On Dec. 23, International Community Health Services (ICHS) was among the first of the area’s health centers to receive doses of the COVID-19 vaccine and begin vaccinating frontline health workers.
Reactions were jubilant, as staff saw the end of a challenging year and the nation’s largest health crisis, come into sight.
“The shot has no pain at all for me,” said Ping Yang, acupuncturist, first to be delivered the vaccine at the International District Clinic. “At last I don’t have to worry, because I’m seeing patients every time and no one knows who is carrying what. The vaccine is good for me, my family, my community and hopefully I can visit my parents, they are 97 years old.
Community members can be confident that the vaccine is safe and that it works, said Dr. Asqual Getaneh, ICHS chief medical officer. “I enthusiastically rolled up my sleeve to be vaccinated and urge everyone to do the same. It is the best way to look out for yourself, your family and your community. I will now be able to spend Christmas with my 89-year-old father with additional protection and without great anxiety. This is how we stop people from dying and return to normal life.”
The vials of the Moderna vaccine are a milestone in ending the pandemic. Initial supplies will be limited and given to groups at highest risk, such as health care workers and people in long-term care facilities, said Getaneh. The next priority groups will be essential workers with higher risk of exposure, adults with underlying health conditions and adults 65 years and older. Eventually there will be enough for everyone who wants a vaccination. She urged patience, as well as offered a reminder there will still be a need to wear a mask, maintain distancing and practice good hygiene for some time.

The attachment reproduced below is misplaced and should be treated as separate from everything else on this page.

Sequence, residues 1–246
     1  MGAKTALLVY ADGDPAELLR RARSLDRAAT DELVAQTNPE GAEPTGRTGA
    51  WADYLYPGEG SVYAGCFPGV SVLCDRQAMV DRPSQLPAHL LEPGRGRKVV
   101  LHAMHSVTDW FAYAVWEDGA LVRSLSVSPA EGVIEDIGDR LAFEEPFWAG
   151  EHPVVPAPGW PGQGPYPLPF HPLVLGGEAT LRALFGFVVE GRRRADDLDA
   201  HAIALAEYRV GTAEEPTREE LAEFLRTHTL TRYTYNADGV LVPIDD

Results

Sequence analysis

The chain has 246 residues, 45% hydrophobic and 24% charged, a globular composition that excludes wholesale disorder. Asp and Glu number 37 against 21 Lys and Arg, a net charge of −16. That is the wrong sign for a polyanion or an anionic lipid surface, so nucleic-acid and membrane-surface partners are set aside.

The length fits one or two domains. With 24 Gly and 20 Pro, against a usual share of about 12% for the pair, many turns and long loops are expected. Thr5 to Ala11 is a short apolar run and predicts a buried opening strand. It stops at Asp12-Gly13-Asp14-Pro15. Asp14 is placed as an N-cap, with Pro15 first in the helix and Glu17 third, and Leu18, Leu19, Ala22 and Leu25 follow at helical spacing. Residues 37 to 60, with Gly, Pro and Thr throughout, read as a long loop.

In February 2020, ICHS was the first community health center in the nation to see a positive COVID-19 diagnosis. As a result, ICHS has helped set best practices guiding the response of the nation’s nearly 1,400 federally qualified health centers, which collectively serve 30 million people, most of them low income, immigrants and refugees.
For more information
Visit the Public Health – Seattle & King County website for the latest information and updates about vaccine development and distribution.
We encourage you to talk to your ICHS doctor about the vaccine’s benefits. Please visit our page with COVID-19 vaccine updates to learn more.